I could go on with this analysis through system after system, but I think you get the idea, and I would like to turn our attention to another and more serious problem, namely the problem of culture and religion. It is here, I believe, that we confront a situation for which there is no precedent in human history. Here my thesis is very simple: culture has been subordinated to the needs of commerce, a commerce that has exhibited some rather peculiar and even demonic needs. Now, at many times in the past, the merchant has moved culture, and this was not always a bad arrangement. Commerce sought to ennoble itself with culture, an arrangement that was often to their mutual benefit, as many of the monuments of Italy give testimony. The merchant, through his patronage of the arts and the Church, sought to lift up his fellow citizens, ennoble his city, and obtain honor for himself.

But what is happening today is something quite different. Although something of the old spirit of patronage remains, in the main the vast engines of culture have been turned from uplifting the citizen to degrading him. Indeed, the whole point of the exercise is to turn each of us from being a citizen into being a a pure consumer; that is, from being a person who takes responsibility for himself, his family, and his community, into being a person whose self-respect is invested only in what he buys, and who is directed only by unregulated and easily manipulated passions.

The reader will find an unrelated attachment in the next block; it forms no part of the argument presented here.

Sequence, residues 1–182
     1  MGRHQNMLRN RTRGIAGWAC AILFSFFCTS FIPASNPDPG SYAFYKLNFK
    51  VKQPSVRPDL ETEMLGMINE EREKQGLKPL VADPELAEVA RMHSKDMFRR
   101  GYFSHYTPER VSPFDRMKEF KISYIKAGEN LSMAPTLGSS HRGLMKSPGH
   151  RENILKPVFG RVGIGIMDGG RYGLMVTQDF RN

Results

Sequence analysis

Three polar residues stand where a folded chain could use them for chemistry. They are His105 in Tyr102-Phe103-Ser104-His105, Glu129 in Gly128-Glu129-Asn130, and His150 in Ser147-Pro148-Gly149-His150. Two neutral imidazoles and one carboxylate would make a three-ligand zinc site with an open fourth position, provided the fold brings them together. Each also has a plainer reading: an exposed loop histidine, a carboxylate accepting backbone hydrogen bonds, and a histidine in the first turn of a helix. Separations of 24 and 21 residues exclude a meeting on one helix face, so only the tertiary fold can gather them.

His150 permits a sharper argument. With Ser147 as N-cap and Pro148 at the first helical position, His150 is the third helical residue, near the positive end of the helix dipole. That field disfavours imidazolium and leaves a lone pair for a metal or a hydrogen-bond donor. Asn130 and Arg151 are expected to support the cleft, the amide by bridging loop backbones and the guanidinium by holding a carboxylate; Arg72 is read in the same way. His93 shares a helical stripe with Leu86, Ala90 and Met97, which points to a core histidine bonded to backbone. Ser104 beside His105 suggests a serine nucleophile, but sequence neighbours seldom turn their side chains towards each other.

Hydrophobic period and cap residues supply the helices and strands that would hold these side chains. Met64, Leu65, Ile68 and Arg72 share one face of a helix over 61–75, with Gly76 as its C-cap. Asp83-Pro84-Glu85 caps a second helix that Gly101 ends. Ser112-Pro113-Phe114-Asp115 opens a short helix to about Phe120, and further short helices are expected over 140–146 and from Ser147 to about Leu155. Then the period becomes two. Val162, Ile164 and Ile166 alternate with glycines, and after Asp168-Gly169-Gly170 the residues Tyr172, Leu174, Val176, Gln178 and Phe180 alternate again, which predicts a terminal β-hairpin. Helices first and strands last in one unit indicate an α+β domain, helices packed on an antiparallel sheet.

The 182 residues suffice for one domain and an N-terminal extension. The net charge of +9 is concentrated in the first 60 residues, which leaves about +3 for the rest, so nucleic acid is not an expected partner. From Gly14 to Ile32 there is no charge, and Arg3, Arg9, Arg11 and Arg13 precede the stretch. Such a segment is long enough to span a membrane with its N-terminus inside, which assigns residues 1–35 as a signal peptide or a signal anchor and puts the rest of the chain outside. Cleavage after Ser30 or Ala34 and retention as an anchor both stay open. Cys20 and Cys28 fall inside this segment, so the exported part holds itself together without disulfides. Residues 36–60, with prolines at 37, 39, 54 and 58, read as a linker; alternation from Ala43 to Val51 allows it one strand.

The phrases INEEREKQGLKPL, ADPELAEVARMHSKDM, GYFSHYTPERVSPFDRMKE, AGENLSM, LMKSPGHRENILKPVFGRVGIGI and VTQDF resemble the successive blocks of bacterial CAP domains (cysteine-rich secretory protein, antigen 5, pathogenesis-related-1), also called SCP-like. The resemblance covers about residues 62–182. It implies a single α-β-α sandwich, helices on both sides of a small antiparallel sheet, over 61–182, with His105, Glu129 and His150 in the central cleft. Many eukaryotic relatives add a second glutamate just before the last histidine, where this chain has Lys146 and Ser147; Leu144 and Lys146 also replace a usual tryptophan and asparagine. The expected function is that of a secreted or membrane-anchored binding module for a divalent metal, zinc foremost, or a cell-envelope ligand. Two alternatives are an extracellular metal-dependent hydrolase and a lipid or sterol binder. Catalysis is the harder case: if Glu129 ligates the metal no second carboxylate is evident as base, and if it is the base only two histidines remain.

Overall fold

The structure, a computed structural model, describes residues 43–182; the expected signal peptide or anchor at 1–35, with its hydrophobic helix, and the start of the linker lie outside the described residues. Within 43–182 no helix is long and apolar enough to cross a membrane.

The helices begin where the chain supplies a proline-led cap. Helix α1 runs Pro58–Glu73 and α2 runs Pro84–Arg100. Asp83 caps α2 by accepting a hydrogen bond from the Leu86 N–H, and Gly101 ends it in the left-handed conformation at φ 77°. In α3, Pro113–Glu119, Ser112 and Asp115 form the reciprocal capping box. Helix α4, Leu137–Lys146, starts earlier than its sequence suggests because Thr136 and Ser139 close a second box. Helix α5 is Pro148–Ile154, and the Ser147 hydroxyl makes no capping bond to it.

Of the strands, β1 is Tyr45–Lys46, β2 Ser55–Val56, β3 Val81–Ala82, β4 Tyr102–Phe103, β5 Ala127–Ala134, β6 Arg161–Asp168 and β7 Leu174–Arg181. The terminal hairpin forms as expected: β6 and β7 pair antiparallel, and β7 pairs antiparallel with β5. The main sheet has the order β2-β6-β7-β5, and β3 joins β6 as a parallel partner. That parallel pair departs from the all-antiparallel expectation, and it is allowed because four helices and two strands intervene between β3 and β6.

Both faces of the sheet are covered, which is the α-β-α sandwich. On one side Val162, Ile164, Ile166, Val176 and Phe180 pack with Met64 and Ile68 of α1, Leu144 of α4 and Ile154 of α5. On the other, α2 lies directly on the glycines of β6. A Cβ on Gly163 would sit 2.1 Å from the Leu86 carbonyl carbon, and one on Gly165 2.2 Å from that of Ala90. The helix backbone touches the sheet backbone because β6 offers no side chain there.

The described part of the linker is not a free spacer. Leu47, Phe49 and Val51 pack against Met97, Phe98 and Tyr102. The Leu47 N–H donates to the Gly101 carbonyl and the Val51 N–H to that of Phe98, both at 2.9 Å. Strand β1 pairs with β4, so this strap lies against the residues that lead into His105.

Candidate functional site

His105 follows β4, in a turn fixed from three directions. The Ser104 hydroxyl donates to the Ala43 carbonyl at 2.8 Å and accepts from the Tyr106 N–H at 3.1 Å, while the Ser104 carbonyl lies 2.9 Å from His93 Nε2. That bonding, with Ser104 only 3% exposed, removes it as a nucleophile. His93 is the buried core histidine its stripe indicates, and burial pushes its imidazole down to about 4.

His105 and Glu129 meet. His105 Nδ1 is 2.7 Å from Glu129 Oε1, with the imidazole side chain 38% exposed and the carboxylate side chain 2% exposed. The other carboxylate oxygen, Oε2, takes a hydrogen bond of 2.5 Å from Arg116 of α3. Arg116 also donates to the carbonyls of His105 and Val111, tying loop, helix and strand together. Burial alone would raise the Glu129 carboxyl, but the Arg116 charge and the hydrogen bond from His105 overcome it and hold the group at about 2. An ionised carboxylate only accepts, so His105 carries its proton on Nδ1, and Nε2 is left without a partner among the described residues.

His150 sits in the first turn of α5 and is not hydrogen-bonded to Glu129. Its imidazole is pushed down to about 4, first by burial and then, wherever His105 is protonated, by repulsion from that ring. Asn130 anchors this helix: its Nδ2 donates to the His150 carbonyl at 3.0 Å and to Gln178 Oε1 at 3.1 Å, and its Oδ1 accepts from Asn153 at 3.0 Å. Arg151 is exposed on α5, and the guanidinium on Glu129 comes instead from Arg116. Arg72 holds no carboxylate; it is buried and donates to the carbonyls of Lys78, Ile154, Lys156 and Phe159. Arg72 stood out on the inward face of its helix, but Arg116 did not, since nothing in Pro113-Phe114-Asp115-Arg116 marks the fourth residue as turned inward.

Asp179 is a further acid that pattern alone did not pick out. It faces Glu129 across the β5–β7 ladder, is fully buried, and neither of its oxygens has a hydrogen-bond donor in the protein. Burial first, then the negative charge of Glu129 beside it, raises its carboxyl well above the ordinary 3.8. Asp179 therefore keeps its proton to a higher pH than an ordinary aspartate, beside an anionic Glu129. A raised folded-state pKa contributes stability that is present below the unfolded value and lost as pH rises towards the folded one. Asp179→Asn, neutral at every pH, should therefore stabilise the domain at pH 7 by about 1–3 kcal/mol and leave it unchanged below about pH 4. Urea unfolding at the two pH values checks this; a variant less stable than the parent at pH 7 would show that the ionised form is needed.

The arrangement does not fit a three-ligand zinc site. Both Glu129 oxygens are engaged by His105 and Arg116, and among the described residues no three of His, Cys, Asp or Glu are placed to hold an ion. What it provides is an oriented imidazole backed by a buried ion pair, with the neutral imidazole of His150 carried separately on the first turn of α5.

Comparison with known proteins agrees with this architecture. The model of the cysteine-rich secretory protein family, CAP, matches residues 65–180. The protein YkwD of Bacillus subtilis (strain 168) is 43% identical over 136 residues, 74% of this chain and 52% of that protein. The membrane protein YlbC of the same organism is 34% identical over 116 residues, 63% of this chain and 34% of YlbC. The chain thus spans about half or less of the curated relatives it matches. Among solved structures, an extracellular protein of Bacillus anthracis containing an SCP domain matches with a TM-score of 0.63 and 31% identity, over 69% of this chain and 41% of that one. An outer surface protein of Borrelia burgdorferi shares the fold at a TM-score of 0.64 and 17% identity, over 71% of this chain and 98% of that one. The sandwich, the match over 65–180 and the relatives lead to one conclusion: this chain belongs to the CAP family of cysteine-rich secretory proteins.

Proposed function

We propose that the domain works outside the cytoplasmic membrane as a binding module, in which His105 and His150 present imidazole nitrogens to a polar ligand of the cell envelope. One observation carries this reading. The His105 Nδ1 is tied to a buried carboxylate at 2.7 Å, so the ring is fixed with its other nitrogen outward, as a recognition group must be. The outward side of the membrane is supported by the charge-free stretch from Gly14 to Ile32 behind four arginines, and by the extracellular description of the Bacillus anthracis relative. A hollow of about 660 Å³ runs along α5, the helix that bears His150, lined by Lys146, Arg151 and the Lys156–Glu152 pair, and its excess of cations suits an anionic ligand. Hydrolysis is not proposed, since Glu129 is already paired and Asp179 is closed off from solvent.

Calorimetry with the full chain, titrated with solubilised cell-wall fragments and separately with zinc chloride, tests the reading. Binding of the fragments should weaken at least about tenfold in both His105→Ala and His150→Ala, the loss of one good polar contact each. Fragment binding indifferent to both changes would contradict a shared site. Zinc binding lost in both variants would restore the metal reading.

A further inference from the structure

We are told that the economy is regulated by “self-interest,” but this is a lie. Indeed, it cannot be so, since self-interest is never something known in advance, but rather something discovered by experience. Who among us has not had the experience of getting exactly what we wanted only to find that it wasn’t what we wanted at all? And who has not feared the worst, only to find that it was all for the best? No, self-interest is revealed to us, not known in advance. What we can know—and what advertising appeals to—is our desires. Desire can be converted to self-interest only when guided by the intelligence to good ends and disciplined by the virtues to good means. Intelligence and virtue: these are the enemies of any good marketing program. Modern advertising appeals not to our virtues but to our vices. And it has at its beck and call an incredible and bewildering array of technologies capable of intruding into every corner of our lives and our souls.